You and your company have been implementing Lean for the last 12 months and things are starting to look good. We have begun to define the new roles at each level in the organisation and how we want our new production system to be run and to sustain lean actions. Our challenge now is to sustain lean actions and continue to build on them.
While everyone has a clear picture in their head as to how each cell works and how the kanban systems tie Production into Stores, it is really important to document these processes and agreements.
Initially these documented processes are important as training documents. They make sure everyone is on the same page and has the same understanding as to how their role fits into their cells workings, and the overall Production system. Each person’s role is the key to successful Lean implementation. Defining roles with key responsibilities at every level in the Production system will also allow the company to develop accountability for Lean implementing, as well as the usual Delivery – Cost – Quality metrics. Also the way we plan to keep track of these processes through auditing and checking, are also needed to be documented.
Documenting a Lean Production System
With all of our Lean methodologies, when we talk about Lean documenting, we’re not talking about reams of paper in folders that never get read. Here we are talking about a location to store all of the one-page plans and the supporting data used to create the Production System and factory layouts in the first place. It needs to all be stored in a folder – NOT on someones computer so that it’s easily forgotten when they leave.
The first level of documentation is a simple Cell manual, under the ownership of the cell leader or team leader. This document will be used to remind the cell leader of the key tasks he needs to do each day and across each week. It will also be useful for a team member to jump into the role when the team leader is away.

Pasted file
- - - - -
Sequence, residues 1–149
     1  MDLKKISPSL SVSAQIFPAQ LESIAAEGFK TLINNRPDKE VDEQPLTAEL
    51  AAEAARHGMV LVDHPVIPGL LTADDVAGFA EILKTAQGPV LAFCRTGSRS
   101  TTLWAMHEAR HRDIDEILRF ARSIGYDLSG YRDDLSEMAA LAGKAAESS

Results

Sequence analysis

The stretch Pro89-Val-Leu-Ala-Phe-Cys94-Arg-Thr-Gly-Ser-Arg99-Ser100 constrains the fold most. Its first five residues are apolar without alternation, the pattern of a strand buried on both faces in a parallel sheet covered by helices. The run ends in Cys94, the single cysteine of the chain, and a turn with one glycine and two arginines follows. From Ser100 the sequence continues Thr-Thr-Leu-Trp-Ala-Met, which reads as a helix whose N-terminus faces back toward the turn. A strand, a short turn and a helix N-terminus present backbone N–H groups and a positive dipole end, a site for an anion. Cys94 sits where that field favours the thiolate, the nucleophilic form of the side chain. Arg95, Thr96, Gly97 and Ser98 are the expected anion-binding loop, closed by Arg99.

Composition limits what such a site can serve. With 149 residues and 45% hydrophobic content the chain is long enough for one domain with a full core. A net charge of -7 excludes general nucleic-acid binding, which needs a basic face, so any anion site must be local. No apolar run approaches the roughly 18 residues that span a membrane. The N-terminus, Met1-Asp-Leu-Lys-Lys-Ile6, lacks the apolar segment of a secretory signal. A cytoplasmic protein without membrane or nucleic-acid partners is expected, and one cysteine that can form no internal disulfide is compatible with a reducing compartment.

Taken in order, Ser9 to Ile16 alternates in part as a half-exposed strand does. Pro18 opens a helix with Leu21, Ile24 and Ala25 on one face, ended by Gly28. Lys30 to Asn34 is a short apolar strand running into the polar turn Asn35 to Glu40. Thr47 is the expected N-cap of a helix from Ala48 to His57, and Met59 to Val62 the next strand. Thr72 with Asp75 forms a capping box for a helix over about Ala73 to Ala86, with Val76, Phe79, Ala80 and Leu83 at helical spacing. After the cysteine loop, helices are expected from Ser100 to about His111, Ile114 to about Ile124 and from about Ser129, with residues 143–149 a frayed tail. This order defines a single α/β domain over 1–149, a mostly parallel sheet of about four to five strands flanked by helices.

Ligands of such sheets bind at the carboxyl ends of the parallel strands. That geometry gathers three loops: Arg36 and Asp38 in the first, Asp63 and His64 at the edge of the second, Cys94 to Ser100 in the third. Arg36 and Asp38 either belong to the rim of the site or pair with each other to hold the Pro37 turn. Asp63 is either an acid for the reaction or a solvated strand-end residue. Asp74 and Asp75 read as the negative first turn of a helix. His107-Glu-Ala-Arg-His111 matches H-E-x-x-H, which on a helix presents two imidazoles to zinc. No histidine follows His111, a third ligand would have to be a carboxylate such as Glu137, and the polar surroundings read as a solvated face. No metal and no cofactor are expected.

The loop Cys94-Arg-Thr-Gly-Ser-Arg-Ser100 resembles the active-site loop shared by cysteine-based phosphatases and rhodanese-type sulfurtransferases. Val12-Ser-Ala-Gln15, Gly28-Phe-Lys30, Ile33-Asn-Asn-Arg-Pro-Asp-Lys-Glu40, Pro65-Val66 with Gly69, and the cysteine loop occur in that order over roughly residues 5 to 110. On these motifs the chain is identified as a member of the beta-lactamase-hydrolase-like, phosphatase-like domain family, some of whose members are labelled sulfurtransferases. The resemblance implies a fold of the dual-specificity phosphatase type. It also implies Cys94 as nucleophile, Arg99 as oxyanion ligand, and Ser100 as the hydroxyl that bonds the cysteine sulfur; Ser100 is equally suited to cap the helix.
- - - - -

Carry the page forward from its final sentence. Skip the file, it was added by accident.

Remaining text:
This document will also help the team clearly understand how the cell was developed and as production needs change, the manual becomes the baseline to determine if a major review of the cell philosophy is needed. As new supervisors or Production Managers arrive, these cell manuals will help them understand how the cell works, who the key people are and how the cell is measured
A Cell Manual may include:
– List of top level assemblies or deliverables
– 5S agreements
– Cell layout
– Workstation layout and tooling
– Production board layout and blank copies of metrics
– Skills matrix
– Key quality processes
– Kanban one page plan
– List of part numbers under the kanban process
Keeping up the simplicity theme, rather than having a range of manuals for Supervisors, Production Managers, General managers and any other level of management you may have, one Production Manual to cover all of these functions is sufficient. This can be the starting point of “how we do business” across all of Production and MUST include how each level of management supports the cells to allow them to achieve their targets.
The Production Manual needs to be a physical folder – NOT hidden away on a computer – and responsibility assigned to the General Manager.
This manual also needs to clearly define all audit and review processes for the Lean processes and systems and hold management as accountable as each cell leader is for continuous improvement across the company. As stated previously, these review processes can be simple – just get everyone together and check to see what parts are working and what has changed; can the defined process cope with the current changes? If yes, great: if not, then amendments are needed.
While reviewing the last 12 months, gather together all of those parts lists and one-page plans and get them into one folder for each cell. Develop the manuals over time with the stakeholders and keep it a live document, reviewing it every six months at least. And make time to review it properly, especially when you feel you don’t have the time – that’s when Lean systems begin to get tested. And they need YOUR support to keep them of track, so you can always see how far you’ve come along your Lean journey.